Film Review – Allied2 min read
The ghost of Casablanca haunts the screen in this assured, handsome World War 2 drama from veteran director Robert Zemeckis (Flight, The Walk) and prolific screenwriter Steven Knight (Peaky Blinders, Burnt). The powerhouse pairing of Brad Pitt and Marianne Cotillard in the lead roles provides an agreeable echo of Bacall and Bogie from the 1942 classic. Unfortunately it is let down by occasionally trite plotting and schmaltzy melodrama. A sex scene in a sandstorm followed by child birth during an air raid are badly overblown set pieces, too much for one film to handle. When it hits the right notes though, Allied does so with considerable gusto.
The action aptly kicks off in Casablanca, Morocco where intelligence officer Max Vatan (Pitt) is teamed with French freedom fighter Marianne Beauséjour (Cotillard) on a covert mission to assassinate a German ambassador (Anton Blake). As part of their operation, they must pose as a convincing married couple. Their facade becomes more complicated when obvious attraction manifests and genuine passion rises to the surface. In the aftermath of their duties, the love-struck couple relocate to London and get married. Wedded bliss is short lived however and the past proves impossible to shake. Their romance is tested to the limit in a climate of paranoia as the chaos of war rages around them.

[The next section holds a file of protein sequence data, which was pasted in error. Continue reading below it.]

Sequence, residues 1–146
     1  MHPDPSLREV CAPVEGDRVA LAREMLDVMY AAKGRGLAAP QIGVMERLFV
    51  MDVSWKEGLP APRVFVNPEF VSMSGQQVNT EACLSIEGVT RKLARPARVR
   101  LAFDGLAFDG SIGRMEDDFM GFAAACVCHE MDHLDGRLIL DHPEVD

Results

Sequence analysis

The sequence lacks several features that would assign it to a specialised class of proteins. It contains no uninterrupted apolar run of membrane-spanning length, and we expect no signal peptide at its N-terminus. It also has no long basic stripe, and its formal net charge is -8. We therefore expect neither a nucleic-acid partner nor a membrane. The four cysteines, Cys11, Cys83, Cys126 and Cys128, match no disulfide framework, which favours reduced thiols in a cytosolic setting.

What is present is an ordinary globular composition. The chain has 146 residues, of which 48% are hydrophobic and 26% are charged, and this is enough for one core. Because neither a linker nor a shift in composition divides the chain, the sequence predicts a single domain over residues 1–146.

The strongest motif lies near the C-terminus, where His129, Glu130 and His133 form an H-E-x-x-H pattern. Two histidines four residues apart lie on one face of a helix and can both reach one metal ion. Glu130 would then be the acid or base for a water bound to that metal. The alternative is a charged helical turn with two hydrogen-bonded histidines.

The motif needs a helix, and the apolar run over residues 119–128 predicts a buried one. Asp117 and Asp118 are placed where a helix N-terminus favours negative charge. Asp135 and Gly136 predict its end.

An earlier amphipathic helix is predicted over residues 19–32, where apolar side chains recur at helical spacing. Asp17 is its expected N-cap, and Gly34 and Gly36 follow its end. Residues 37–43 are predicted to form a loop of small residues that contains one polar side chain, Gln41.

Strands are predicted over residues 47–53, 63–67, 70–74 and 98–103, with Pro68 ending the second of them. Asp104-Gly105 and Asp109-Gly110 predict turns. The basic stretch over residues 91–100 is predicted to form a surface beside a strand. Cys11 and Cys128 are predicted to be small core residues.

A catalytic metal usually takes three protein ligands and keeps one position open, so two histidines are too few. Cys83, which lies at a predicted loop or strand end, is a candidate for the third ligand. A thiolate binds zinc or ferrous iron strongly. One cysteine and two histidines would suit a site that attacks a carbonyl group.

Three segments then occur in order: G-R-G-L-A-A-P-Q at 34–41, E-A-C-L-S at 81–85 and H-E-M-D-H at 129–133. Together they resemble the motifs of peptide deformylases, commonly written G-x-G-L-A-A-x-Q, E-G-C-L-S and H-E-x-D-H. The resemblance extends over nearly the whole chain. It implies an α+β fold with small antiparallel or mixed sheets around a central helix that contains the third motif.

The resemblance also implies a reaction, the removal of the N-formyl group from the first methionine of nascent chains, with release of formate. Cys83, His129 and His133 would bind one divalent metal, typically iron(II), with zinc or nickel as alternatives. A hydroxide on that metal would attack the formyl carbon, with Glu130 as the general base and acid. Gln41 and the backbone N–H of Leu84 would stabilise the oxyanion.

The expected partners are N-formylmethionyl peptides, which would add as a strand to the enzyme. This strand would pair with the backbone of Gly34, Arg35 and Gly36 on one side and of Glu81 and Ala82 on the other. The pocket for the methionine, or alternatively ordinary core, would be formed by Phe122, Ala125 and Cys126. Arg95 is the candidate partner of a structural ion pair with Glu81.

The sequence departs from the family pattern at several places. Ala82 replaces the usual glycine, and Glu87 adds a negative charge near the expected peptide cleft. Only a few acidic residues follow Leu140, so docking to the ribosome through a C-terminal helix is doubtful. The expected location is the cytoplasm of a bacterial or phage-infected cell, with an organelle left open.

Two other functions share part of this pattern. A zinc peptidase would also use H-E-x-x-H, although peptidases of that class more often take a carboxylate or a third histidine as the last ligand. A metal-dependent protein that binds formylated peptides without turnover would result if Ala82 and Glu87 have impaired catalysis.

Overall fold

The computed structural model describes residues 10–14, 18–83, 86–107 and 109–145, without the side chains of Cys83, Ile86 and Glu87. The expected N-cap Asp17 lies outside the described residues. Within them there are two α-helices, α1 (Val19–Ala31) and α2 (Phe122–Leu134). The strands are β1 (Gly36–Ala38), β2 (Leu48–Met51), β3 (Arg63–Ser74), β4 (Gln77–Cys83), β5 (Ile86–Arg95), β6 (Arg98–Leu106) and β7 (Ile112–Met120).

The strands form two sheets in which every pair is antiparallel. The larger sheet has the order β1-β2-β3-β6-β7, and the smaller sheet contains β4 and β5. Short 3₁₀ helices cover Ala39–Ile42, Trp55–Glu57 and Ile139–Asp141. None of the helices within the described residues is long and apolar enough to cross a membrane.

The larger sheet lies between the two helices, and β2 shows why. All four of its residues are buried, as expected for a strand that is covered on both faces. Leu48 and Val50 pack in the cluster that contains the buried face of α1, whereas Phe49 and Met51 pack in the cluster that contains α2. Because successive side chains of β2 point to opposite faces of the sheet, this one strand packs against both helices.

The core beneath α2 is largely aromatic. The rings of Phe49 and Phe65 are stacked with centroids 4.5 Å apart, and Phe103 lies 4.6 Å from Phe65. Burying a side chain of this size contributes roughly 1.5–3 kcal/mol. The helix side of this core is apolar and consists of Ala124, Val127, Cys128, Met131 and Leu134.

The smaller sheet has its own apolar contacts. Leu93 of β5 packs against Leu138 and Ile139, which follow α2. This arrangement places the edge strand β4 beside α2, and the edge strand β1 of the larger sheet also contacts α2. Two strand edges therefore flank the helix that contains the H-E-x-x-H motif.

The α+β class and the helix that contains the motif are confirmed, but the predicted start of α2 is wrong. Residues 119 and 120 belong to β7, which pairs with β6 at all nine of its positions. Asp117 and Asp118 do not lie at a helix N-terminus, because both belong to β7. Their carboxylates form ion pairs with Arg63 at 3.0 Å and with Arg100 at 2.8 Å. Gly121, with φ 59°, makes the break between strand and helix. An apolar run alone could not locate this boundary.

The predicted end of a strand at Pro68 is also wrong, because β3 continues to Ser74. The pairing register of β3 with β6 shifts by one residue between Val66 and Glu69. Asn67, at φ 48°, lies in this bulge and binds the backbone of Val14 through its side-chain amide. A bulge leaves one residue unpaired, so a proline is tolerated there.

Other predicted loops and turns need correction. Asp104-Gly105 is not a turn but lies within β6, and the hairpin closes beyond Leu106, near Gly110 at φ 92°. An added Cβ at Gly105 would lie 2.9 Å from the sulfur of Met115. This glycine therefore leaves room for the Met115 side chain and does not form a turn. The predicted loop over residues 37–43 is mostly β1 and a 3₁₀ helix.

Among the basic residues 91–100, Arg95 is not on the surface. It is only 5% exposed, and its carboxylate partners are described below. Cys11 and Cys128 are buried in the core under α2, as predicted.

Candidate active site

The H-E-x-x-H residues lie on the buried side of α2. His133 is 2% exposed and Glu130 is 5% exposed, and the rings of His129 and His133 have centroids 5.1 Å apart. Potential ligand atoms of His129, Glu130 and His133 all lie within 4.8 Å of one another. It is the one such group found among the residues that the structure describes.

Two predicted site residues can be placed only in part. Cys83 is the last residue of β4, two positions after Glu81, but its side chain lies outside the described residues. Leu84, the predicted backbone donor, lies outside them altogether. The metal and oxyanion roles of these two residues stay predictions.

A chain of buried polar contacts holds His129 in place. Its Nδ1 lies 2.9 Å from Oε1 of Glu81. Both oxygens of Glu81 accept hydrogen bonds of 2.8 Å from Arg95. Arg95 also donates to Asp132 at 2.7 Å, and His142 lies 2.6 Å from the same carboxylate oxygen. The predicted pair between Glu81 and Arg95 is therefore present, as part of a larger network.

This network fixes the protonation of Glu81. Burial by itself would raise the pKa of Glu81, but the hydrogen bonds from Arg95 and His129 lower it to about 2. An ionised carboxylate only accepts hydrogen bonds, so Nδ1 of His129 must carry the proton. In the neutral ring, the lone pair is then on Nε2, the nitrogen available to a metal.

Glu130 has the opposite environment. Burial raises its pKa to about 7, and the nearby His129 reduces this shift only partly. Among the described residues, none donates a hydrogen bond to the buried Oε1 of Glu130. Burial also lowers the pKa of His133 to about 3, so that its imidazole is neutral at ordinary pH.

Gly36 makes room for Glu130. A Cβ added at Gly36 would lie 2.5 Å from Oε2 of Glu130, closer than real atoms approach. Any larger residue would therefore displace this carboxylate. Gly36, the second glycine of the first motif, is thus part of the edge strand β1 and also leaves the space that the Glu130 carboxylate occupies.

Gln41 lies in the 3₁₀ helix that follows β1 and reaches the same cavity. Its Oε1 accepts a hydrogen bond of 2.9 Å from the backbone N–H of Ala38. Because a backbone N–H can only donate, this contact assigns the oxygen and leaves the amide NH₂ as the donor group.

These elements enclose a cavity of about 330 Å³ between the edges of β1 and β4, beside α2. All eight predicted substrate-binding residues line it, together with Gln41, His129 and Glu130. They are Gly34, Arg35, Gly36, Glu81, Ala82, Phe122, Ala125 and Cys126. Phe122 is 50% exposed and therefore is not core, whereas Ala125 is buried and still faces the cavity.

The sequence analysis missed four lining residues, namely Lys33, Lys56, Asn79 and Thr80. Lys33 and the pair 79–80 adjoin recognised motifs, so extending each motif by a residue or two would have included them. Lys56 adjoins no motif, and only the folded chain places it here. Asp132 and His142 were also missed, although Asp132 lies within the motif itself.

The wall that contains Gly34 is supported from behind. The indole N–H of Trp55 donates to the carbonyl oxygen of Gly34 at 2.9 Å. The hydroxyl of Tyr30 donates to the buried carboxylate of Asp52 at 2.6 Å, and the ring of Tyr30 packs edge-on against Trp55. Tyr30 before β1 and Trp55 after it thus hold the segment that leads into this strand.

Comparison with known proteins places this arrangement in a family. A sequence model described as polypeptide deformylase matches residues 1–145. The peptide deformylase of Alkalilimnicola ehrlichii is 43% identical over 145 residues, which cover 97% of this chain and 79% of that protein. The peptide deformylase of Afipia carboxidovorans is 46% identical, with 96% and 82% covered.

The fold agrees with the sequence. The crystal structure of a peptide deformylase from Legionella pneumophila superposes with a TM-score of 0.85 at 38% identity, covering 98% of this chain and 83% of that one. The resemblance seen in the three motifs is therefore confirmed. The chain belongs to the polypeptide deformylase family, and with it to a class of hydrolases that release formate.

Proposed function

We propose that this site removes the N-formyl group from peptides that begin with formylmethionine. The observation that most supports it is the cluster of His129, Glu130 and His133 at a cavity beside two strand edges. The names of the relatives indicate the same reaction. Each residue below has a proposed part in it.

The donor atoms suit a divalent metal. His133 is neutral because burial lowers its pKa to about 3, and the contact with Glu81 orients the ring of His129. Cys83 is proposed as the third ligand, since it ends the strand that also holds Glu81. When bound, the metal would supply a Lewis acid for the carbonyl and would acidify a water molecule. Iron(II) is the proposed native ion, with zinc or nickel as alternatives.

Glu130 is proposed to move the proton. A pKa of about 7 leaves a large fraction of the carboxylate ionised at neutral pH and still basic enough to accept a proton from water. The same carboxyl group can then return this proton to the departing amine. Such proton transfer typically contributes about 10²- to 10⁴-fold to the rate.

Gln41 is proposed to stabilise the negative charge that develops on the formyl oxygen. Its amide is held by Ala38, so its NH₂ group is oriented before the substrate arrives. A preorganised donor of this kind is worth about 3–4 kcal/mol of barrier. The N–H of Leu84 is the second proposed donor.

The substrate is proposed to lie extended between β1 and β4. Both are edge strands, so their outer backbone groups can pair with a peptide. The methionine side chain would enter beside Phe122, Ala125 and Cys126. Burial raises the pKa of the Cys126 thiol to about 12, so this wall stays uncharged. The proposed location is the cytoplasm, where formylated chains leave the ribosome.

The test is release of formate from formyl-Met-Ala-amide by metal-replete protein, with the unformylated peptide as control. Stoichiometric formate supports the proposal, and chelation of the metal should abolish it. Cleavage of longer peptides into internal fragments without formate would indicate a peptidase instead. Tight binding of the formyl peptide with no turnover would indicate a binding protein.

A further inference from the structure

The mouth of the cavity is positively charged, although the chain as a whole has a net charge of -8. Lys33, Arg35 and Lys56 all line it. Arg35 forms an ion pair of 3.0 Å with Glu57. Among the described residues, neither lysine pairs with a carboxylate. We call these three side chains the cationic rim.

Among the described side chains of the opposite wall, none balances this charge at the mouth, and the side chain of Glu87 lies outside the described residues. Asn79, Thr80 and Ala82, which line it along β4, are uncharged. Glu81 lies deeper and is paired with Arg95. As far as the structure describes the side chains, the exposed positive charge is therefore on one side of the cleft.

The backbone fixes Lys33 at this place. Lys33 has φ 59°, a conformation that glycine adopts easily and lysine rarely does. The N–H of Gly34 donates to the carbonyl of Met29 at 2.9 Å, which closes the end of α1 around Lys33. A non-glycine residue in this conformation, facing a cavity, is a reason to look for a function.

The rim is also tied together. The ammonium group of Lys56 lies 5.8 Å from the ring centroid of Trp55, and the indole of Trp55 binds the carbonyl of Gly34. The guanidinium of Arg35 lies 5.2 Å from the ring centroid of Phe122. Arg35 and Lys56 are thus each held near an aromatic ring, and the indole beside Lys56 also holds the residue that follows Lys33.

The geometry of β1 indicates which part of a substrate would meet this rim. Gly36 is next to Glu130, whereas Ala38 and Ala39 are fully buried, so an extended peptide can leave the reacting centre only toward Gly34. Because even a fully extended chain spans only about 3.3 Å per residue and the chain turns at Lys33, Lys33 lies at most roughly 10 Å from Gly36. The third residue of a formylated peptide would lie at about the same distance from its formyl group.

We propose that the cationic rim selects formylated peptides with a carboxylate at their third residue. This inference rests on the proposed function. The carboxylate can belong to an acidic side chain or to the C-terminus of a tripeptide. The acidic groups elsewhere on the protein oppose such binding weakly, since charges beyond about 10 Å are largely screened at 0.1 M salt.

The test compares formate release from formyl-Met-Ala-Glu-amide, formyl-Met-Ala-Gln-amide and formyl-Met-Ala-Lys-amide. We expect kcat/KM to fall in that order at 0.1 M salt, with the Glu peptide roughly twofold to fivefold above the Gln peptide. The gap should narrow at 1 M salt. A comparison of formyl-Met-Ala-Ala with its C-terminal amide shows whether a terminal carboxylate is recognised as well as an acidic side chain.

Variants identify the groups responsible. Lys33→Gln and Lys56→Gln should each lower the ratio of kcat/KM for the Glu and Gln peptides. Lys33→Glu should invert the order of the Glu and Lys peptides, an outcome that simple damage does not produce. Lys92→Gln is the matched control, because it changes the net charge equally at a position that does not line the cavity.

The deception at the heart of the film makes the characters unreliable and unpredictable. It’s a neatly utilised plot device which fuels the compelling relationship between Max and Marianne. The stylish and sultry thriller which comprises the first part of the film sees Pitt and Cottilard both on fine form. The pair spar off each other with a palpable erotic tension adding an extra dimension to their character’s development. When the film shifts to London, the tone shifts into a more nuanced domestic drama. It plays on the paranoia and uncertainties of the characters and the war time setting. Knight’s well paced and tightly structured script is perfectly complimented by the precise, technically flawless direction from Zemeckis. While by no means as elaborate or innovative as some of his more effects laden work such as Back to The Future or The Polar Express, Allied is nevertheless visually impressive. The war scenes are effectively executed and the attention to period detail is beautifully rendered.
Allied has definite flaws but it is still a well made and amiably old fashioned World War 2 yarn, which wears it’s influences well and is driven by excellent performances. Along with Pitt and Cotillard, fine support is supplied by a distinguished cast including Jared Harris (Mad Men) and Lizzy Caplan (Masters of Sex). A classy production from an A-list array of talent, Allied is a gripping, involving and ultimately moving piece of grand entertainment.